David Bourget (Western Ontario)
David Chalmers (ANU, NYU)
Rafael De Clercq
Ezio Di Nucci
Jonathan Jenkins Ichikawa
Jack Alan Reynolds
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Environmental Ethics 30 (1):37-49 (2008)
In opposition to modernist conceptions of the “self,” some environmental philosophers argue that human identity is first and foremost wild and natural because it is a product of an ontologically independent nature. They use evolutionary theory to create and maintain a division between our wild, natural human identity and our artifactual culture. Their position is supported by a misunderstanding of both early hominid evolution and artifacts. Artifacts are not the neutral instruments of human will, but exist with us in “economies” that constantly create unintended consequences. In terms of recent work in the field of philosophical anthropology, a reexamination of the evolutionary evidence suggests that our identity is not natural but completely artifactual. This artifactual identity provides us with new ways of conceptualizing our present ecological problems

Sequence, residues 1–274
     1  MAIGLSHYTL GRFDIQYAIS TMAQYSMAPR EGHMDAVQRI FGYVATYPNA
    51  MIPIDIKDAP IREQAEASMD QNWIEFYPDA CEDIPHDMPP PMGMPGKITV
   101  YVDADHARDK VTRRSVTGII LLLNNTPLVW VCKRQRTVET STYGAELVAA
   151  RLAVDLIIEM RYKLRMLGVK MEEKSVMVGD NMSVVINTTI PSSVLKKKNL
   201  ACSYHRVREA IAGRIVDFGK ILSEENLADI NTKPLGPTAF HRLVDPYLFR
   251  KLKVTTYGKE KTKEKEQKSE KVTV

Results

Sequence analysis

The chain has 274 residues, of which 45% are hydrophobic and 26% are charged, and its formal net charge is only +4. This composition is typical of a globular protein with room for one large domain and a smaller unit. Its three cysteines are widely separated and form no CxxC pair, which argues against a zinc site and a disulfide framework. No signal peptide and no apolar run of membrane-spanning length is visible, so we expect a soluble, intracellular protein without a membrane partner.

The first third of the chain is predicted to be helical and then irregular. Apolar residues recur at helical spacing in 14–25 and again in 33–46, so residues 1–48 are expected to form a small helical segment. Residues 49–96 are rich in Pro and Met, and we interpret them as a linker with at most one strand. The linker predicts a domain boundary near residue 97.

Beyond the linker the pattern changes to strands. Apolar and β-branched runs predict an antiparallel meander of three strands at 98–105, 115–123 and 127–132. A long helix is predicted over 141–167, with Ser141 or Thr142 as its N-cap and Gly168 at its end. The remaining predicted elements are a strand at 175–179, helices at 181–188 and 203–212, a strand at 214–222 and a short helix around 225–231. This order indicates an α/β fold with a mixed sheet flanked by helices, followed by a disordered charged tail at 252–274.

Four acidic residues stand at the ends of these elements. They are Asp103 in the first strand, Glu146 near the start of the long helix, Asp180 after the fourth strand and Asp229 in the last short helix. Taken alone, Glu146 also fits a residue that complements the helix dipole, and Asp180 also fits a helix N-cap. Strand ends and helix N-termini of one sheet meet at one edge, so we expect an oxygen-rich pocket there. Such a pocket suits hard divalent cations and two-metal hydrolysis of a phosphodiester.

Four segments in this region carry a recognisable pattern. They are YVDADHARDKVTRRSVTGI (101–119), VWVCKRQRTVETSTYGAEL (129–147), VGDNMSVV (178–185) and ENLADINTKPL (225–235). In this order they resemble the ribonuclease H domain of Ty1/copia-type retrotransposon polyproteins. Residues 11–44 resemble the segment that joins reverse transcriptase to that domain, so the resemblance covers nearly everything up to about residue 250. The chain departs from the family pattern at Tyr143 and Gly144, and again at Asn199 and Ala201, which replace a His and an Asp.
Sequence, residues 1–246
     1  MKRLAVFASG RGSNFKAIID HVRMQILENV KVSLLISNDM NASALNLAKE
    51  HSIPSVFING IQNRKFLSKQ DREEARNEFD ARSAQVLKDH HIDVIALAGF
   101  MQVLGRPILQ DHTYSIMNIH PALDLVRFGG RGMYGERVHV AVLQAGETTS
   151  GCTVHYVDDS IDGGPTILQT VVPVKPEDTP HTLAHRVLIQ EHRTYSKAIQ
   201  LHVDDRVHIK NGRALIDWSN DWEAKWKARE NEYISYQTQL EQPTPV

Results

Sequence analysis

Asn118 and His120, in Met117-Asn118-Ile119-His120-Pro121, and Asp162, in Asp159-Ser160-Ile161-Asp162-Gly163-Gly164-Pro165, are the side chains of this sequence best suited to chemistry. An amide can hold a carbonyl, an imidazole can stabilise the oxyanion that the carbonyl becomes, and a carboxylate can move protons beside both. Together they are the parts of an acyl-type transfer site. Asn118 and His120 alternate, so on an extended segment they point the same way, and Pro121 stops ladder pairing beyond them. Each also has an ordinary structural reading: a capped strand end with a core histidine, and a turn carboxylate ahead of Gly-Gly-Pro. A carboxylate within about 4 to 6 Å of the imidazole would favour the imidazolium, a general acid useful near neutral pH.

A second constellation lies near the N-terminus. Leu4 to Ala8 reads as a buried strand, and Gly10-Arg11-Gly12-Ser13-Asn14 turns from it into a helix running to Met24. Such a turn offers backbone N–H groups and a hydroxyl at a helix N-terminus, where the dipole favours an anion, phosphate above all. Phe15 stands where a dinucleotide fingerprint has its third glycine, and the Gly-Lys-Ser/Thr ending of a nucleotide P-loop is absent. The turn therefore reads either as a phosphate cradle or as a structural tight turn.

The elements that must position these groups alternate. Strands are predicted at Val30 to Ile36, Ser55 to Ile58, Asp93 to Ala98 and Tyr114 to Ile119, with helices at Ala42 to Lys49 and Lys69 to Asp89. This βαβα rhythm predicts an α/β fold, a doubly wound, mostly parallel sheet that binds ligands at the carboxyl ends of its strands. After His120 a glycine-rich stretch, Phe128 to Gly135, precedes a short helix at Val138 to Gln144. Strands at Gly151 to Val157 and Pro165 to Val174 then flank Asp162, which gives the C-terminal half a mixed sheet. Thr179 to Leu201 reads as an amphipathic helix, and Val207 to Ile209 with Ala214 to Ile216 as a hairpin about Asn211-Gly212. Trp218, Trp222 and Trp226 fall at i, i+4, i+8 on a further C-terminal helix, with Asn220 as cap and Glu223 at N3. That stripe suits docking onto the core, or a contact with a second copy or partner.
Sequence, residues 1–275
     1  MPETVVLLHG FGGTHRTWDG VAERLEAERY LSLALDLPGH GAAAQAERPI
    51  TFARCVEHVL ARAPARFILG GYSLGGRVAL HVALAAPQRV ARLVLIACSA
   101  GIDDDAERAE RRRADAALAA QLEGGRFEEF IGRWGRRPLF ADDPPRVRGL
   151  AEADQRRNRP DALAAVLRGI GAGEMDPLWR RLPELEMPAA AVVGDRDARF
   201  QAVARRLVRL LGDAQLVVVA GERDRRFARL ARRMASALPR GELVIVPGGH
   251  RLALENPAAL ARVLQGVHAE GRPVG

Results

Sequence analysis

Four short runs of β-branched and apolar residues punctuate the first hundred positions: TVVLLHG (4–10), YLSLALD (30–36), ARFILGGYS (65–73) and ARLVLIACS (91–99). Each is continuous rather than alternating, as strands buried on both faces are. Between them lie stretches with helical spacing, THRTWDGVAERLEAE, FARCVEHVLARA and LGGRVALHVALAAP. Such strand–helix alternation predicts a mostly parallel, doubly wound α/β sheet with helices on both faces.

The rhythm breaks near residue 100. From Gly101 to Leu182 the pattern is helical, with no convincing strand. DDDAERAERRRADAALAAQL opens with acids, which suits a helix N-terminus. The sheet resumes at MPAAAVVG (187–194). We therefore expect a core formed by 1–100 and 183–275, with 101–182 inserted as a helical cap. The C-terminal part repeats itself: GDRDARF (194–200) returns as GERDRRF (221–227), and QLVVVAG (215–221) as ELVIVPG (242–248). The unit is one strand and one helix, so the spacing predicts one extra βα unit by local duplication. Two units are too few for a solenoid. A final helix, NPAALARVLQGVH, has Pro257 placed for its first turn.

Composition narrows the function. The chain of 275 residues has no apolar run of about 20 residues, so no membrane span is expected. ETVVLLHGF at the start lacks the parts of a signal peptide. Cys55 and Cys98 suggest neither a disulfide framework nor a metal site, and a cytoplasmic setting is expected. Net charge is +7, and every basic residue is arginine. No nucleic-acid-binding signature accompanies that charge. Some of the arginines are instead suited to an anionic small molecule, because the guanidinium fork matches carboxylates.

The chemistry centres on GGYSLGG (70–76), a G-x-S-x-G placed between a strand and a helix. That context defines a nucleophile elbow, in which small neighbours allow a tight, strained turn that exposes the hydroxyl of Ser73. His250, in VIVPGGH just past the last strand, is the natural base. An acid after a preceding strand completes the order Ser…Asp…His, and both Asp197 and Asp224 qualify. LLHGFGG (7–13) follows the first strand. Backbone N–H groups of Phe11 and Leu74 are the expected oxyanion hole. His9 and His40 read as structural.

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Nathan Kowalsky (2012). Science and Transcendence: Westphal, Derrida, and Responsibility. Zygon 47 (1):118-139.
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